Twenty faces in Zoom cubbies scrunched up in thought. Max, the teacher had asked, “What do you think of when you hear “poetry?”
My heart fluttered – a kind of panic. “There are rules, but I don’t know what they are,” I said.
“There’s no wrong way to write a poem,” Max was saying. I do not believe this. While Max quoted such esteemed poets as Carl Sandburg, Edgar Allan Poe and Mary Oliver, each explaining in their own way how the Art of Poetry transcends the mundane world, my mind wandered to all the times in my life when I so desperately wanted to know, indeed, needed to know, the rules.
In my experience, there definitely are rules. I just want to know what they are. In the very early years under the Chinese Communist regime, stories were going around that the government was using kids’ words to incriminate their parents as political enemies. Mom pulled me out of my Shanghai kindergarten. I don’t remember the details, but the grip of fear has stayed with me. Mom was afraid that I would say something that would betray the family. I never did know what it was that was dangerous to say.
I got to America when I was eight. American culture has confounded me ever since. Rules that home-grown kids would know or could ask their folks. Like, having to go Number 1 or Number 2. I only knew how to describe those functions in Cantonese, which was not even my parents’ dialect. And fashion! No white shoes before Memorial Day. What’s Memorial Day?
And eating rituals! It wasn’t just trading chopsticks for forks. When my first husband and I were courting, he took me to meet his parents in Ohio. David’s mom was a stickler for etiquette. The dinner table was all decked out: lace table cloth, good china, silver plate. We started with a fruit salad in stemmed parfait glasses. I ate slowly, delicately, dabbing my lips on my cloth napkin. Then, when I had eaten the last piece, I ever so elegantly picked up the parfait glass, pinkie extended, and drank the remaining juice. Halfway, I realized that I probably wasn’t supposed to lift that glass off the table.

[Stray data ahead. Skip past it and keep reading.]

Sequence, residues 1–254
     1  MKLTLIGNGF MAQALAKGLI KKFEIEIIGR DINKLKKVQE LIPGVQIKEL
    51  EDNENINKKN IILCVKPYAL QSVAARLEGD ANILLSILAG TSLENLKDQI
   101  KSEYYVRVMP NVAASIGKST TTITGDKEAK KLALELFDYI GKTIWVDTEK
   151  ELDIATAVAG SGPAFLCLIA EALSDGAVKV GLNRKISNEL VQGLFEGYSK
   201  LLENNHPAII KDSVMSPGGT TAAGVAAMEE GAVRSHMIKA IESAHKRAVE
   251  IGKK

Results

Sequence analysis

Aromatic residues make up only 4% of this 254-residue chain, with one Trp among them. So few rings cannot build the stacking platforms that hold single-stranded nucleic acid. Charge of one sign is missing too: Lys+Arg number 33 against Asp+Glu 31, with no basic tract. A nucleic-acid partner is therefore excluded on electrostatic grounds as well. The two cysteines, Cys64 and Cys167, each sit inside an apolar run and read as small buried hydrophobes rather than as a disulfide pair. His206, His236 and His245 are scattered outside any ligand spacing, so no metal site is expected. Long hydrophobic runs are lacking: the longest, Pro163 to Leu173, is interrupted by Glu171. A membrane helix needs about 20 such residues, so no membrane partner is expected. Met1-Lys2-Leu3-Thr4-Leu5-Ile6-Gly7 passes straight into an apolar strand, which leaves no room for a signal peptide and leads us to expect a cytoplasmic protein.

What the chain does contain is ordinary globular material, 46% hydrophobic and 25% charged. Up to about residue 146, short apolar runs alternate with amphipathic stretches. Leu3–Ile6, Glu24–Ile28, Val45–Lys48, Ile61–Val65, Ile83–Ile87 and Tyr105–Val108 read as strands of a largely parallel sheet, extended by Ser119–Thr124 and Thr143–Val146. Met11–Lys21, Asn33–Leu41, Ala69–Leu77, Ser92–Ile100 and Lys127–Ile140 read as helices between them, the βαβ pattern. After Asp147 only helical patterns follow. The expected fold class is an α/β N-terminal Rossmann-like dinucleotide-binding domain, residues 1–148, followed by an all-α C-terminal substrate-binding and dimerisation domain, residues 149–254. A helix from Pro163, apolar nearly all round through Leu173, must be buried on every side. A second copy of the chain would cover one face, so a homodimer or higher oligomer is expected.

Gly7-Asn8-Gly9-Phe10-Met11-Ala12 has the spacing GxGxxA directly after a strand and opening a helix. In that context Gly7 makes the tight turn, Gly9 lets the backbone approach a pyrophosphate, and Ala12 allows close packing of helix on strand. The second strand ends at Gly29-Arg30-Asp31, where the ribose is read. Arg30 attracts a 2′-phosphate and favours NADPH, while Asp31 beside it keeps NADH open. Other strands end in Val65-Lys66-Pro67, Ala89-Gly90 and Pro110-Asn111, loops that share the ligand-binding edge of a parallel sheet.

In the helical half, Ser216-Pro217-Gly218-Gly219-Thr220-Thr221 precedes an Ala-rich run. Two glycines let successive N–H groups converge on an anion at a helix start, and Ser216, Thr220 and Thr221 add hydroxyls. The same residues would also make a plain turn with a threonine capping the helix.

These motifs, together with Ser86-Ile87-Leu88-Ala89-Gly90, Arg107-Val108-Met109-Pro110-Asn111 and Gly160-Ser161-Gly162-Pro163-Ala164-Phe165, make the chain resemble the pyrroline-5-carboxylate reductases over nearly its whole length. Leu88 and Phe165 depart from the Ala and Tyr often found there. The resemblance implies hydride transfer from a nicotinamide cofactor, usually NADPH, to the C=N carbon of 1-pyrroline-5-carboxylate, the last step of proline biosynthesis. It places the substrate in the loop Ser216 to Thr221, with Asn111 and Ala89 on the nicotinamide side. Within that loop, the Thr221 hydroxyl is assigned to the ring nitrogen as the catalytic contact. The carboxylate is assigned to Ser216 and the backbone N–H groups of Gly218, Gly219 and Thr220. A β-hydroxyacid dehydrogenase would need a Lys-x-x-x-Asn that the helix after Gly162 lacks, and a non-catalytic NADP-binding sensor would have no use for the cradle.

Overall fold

I was convinced that other people knew the rules to child rearing. Me? I couldn’t get my toddler to stay in bed. Oh, we had our bedtime routine. We’d have bath time. Alex loved the water and his bath toys. Then, I’d dress him in tomorrow’s clothes to save time in the morning. Then, we’d read: Where the Wild Things Are, the Babar books and everything with cars, trucks and construction vehicles. Then I’d tuck him into his crib. To help him sleep, I gave him a bottle of formula.
About twenty minutes after I had tiptoed out of the room and I’d be either reading or unwinding with TV, he’d pop out of his room. (I never witnessed him climbing out of his crib.) He just wanted to play. Cajoling, scolding, even ignoring him – “I’m done being mom for today.” — made no difference. This happened every night!
Max asked us to read 1-3 poems each day. I scoured my book shelves. I found Dante’s Divine Comedy and Beowulf. I own a half dozen of Shakespeare’s plays. Poetry less than four hundred years old – not too much.
I found Dr. Seuss’ You’re Only Old Once! among the books Alex left at home. The subtitle is: A Book for Obsolete Children. It’s Dr. Seuss’ take on the frustrating and convoluted process of getting medical care as an old person. He wrote it when he was in his eighties. And, like all Dr. Seuss books, it’s POETRY!
Dr. Seuss’ character at the Golden Year Clinic undergoes intensive questioning, undignified tests and interminable waiting all without being told the whys and wherefores. It stirs in me that same unease of not knowing the rules.
And the next thing you know
when you’ve finished that test,
is somehow you’ve lost
both your necktie and vest
and an Ogler is ogling
your stomach and chest.
Dr. Seuss portrays what could have been a Kafka-esque horror show as a humorous, if barbed, jaunt into the medical world. And in under forty pages, glorious illustrations included, he skewers an unreasonable system, evokes sympathy for the patient, makes us laugh and rhymes “National Geographic” with “smelly bad traffic.” This is the power of poetry.
Well, despite my anguish, I’ve gotten through life okay. My family didn’t go to Mao Ze-dong jail. I have been married to not one, but two, absolutely lovely men. And my son is a more patient parent than I ever was.
So, here I am in a poetry writing class. I would feel better to know the formula to poetry making, but I’m doing it. I’m not ready to say, “To hell with the rules.” But I am ready to live with the uncertainty.
Here’s a sample: It’s a tanka, a Japanese form that predates the haiku. It’s five lines of 5,7,5,7,7 syllables.
You can’t wait to know
All the rules to living life
You must carry on
Do the best you can because
You can’t win if you don’t play
Tell me: Do you have a favorite poem or poet?